A Legacy of Gentlemen Politics

It has been quite some time since Tan Sri Dr Koh Tsu Koon appeared and speak in the public. And there he was last week at the Meng Eng Soo open day, speaking in front of a large crowd. There was a sense of astonishment when he was there speaking since he has retired from politics.

It was also a rare occasion as both the former and the current Chief Minister attended the event.

As it is a norm that the Chief Minister attends the annual event, it was unusual when it was heard that only one state exco confirms his attendance.

Hence, the Clan Council decided to invite the former Chief Minister Tan Sri Dr Koh Tsu Koon to grace the event.

It was supposed that Tan Sri Dr Koh agreed to attend the event after he was notified that Lim Guan Eng is not able to make it as Dr Koh is not interested in getting into any confrontation.

However, the Clan Council Chairman was caught in an awkward situation when Lim Guan Eng confirmed his attendance at the last minute. Even the current Chief Minister didn’t come prepared in a dress code, possibly because it was an eleventh hour decision. As the organizing committee has clearly published in the news that the attire for the event is traditional attire whether you are Chinese, Malay, Indian or any other race. Lim Guan Eng came wearing a t-shirt.

As said, it was a really extraordinary occasion as both Dr Koh Tsu Koon and Lim Guan Eng was given the stage to speak.

From the speeches, it was very obvious that there is a huge contrast between the character of the two individuals. One is a mild-mannered gentleman with positive and humble words while the other is a skeptic with sarcasms.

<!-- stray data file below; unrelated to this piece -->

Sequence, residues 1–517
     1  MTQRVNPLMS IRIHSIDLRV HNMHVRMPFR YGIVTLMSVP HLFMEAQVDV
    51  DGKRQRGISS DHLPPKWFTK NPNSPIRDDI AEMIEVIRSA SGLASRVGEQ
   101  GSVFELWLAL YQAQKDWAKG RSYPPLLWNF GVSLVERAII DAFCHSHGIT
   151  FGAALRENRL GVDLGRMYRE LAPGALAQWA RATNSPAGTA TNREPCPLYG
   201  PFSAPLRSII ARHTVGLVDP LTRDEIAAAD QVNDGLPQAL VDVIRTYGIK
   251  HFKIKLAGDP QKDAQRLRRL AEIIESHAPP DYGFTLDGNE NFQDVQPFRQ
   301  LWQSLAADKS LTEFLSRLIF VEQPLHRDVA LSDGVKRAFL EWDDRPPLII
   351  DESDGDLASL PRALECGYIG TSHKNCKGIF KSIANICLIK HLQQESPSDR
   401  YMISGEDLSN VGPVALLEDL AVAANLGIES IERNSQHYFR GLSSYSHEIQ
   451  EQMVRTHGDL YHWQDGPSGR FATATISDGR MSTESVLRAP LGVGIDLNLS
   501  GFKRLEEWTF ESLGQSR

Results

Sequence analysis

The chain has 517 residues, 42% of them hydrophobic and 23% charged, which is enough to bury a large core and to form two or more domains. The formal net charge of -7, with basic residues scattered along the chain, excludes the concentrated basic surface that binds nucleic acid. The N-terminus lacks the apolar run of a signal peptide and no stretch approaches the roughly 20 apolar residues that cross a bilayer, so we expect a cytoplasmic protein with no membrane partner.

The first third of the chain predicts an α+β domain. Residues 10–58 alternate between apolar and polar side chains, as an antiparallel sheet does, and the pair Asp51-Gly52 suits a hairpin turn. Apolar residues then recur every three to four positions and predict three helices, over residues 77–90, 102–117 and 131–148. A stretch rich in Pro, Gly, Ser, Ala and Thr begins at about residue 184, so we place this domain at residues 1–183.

In his speech, the Chief Minister kept on boasting on how he have contributed to the names of the road, the allocations and their contributions. His choice of message is to accentuate his importance towards Penang.

On the other hand, the former Chief Minister gave appreciation and tribute to every single person from the former state EXCOs, the government officers, non-governmental organizations (NGOs), individuals and generally the people of Penang towards achieving the UNESCO World Heritage status. His choice of message is to emphasize the hard work of every single person for Penang.

In fact, it seems like it has already been a norm that in almost every speeches that the Chief Minister gave, contain elements of politicking. Even at Jalan Pintal Tali last week, in his usual combative style, he simply cannot avoid talking about the ‘pink diamond’.

That is the huge contrast between the current and the former.

We ought to question ourselves, which type of leader do we prefer?

Or probably we should ask do we want a leader who makes every individual in the community relevant? Or do we want a politician who politicizes everything to make sure he wins the elections?